OBJECTIVE: To investigate the role of salivary small non-coding RNAs (sncRNAs) in the diagnosis of sport-related concussion.
METHODS: Saliva was obtained from male professional players in the top two tiers of England's elite rugby union competition across two seasons (2017-2019). Samples were collected preseason from 1028 players, and during standardised head injury assessments (HIAs) at three time points (in-game, post-game, and 36-48 hours post-game) from 156 of these. Samples were also collected from controls (102 uninjured players and 66 players sustaining a musculoskeletal injury). Diagnostic sncRNAs were identified with next generation sequencing and validated using quantitative PCR in 702 samples. A predictive logistic regression model was built on 2017-2018 data (training dataset) and prospectively validated the following season (test dataset).
RESULTS: The HIA process confirmed concussion in 106 players (HIA+) and excluded this in 50 (HIA-). 32 sncRNAs were significantly differentially expressed across these two groups, with let-7f-5p showing the highest area under the curve (AUC) at 36-48 hours. Additionally, a combined panel of 14 sncRNAs (let-7a-5p, miR-143-3p, miR-103a-3p, miR-34b-3p, RNU6-7, RNU6-45, Snora57, snoU13.120, tRNA18Arg-CCT, U6-168, U6-428, U6-1249, Uco22cjg1,YRNA_255) could differentiate concussed subjects from all other groups, including players who were HIA- and controls, immediately after the game (AUC 0.91, 95% CI 0.81 to 1) and 36-48 hours later (AUC 0.94, 95% CI 0.86 to 1). When prospectively tested, the panel confirmed high predictive accuracy (AUC 0.96, 95% CI 0.92 to 1 post-game and AUC 0.93, 95% CI 0.86 to 1 at 36-48 hours).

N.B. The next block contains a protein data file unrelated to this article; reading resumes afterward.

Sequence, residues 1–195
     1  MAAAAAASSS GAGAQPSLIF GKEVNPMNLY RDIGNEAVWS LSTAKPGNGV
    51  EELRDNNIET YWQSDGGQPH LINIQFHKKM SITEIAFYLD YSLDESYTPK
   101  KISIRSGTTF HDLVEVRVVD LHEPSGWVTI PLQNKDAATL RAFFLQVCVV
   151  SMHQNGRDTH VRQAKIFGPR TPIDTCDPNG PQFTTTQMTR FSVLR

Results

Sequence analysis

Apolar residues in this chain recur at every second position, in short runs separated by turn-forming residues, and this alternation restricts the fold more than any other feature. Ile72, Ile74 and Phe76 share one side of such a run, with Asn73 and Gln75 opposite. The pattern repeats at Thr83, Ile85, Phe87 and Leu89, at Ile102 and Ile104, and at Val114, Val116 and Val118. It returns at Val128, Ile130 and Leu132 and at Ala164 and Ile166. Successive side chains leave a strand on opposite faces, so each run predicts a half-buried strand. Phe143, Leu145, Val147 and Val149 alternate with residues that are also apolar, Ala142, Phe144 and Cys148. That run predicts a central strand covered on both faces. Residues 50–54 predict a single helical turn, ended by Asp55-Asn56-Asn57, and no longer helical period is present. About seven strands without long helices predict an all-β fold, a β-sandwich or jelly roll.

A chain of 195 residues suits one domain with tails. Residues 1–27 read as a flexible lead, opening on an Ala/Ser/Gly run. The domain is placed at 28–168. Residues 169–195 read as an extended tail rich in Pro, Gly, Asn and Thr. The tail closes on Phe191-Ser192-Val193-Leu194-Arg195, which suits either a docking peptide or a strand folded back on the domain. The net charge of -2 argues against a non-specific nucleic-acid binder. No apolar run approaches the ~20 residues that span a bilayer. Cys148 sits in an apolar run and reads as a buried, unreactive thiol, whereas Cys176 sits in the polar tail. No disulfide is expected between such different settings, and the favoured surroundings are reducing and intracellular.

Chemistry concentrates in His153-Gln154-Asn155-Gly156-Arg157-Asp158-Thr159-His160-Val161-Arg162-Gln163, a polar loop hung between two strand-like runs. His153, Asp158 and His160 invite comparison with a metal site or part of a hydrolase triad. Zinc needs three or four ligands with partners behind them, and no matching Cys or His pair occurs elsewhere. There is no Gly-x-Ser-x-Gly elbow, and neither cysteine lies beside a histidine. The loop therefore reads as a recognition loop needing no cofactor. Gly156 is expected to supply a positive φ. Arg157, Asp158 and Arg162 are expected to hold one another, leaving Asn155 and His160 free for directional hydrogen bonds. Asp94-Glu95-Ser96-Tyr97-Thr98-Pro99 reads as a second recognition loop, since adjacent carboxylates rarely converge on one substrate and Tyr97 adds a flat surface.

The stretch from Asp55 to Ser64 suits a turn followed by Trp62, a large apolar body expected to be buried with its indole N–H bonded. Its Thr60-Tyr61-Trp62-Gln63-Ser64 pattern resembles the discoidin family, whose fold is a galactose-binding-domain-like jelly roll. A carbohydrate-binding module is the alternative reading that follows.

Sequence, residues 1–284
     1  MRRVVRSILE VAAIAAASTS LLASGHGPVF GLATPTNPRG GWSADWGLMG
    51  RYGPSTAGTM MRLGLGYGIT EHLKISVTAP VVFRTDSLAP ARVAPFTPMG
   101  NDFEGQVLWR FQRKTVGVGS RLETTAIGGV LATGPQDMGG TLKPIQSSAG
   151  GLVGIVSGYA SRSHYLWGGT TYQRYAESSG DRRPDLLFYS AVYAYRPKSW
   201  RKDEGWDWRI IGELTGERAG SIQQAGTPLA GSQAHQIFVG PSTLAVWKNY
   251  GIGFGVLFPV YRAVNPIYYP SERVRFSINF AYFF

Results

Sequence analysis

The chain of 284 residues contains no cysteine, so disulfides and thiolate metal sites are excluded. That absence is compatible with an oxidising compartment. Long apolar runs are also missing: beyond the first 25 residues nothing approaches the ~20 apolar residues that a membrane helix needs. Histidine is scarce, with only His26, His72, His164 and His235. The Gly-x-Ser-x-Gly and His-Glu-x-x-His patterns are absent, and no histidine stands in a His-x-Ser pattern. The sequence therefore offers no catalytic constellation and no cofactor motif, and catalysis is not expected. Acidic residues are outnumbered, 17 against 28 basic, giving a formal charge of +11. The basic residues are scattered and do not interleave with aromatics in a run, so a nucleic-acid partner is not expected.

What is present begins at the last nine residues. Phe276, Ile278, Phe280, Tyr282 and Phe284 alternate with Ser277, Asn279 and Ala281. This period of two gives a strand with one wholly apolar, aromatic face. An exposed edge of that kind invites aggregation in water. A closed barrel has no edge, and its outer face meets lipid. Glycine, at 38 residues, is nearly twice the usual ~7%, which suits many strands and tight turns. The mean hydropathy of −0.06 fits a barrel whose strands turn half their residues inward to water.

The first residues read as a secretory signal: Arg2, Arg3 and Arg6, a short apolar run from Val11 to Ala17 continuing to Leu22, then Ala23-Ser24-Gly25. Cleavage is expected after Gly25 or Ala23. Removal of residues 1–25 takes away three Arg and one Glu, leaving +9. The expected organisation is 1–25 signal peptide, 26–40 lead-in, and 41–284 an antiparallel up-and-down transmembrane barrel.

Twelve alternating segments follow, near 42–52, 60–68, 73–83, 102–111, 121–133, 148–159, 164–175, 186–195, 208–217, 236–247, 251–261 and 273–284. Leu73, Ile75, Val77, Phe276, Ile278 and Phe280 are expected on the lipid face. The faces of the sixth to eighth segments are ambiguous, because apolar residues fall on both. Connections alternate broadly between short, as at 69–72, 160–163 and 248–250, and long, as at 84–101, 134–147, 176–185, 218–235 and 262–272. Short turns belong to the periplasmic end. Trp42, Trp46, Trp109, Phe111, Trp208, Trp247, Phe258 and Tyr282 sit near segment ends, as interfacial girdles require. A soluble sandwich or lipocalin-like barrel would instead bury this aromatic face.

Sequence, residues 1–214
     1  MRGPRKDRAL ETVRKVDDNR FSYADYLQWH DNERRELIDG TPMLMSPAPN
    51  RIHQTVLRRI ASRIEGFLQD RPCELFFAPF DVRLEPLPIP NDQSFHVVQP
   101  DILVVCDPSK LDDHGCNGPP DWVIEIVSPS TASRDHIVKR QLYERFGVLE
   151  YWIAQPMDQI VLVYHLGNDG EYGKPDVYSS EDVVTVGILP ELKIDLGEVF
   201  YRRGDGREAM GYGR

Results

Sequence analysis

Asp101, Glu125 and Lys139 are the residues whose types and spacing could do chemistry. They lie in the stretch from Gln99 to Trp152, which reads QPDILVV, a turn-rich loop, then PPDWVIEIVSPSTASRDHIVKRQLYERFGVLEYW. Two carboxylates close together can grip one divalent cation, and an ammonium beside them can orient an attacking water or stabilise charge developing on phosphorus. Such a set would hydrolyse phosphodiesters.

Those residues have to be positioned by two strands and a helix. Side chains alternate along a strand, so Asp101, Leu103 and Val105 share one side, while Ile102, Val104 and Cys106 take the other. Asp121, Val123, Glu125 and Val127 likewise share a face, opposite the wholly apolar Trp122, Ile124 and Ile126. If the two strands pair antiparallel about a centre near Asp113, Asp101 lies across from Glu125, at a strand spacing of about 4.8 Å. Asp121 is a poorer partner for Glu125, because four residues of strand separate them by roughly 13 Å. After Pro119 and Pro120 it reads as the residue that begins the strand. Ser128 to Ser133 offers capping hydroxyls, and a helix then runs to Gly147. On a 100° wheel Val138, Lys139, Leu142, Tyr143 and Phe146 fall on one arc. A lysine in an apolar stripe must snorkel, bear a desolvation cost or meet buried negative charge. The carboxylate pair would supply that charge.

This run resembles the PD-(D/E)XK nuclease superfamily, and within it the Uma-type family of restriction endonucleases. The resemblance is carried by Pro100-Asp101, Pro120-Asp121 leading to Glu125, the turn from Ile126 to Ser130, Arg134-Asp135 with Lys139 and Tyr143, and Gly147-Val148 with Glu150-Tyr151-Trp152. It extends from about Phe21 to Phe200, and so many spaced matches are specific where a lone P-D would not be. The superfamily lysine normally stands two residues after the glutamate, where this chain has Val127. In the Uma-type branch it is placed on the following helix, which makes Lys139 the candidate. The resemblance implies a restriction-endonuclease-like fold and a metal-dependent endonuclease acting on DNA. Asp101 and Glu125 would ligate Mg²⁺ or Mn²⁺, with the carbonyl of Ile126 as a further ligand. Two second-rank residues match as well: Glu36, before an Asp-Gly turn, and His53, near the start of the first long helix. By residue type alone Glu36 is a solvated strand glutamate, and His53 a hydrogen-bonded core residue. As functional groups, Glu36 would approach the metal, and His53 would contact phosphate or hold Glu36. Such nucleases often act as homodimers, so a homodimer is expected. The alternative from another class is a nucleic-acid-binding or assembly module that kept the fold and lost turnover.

CONCLUSIONS: SCRUM, a large prospective observational study of non-invasive concussion biomarkers, has identified unique signatures of concussion in saliva of male athletes diagnosed with concussion.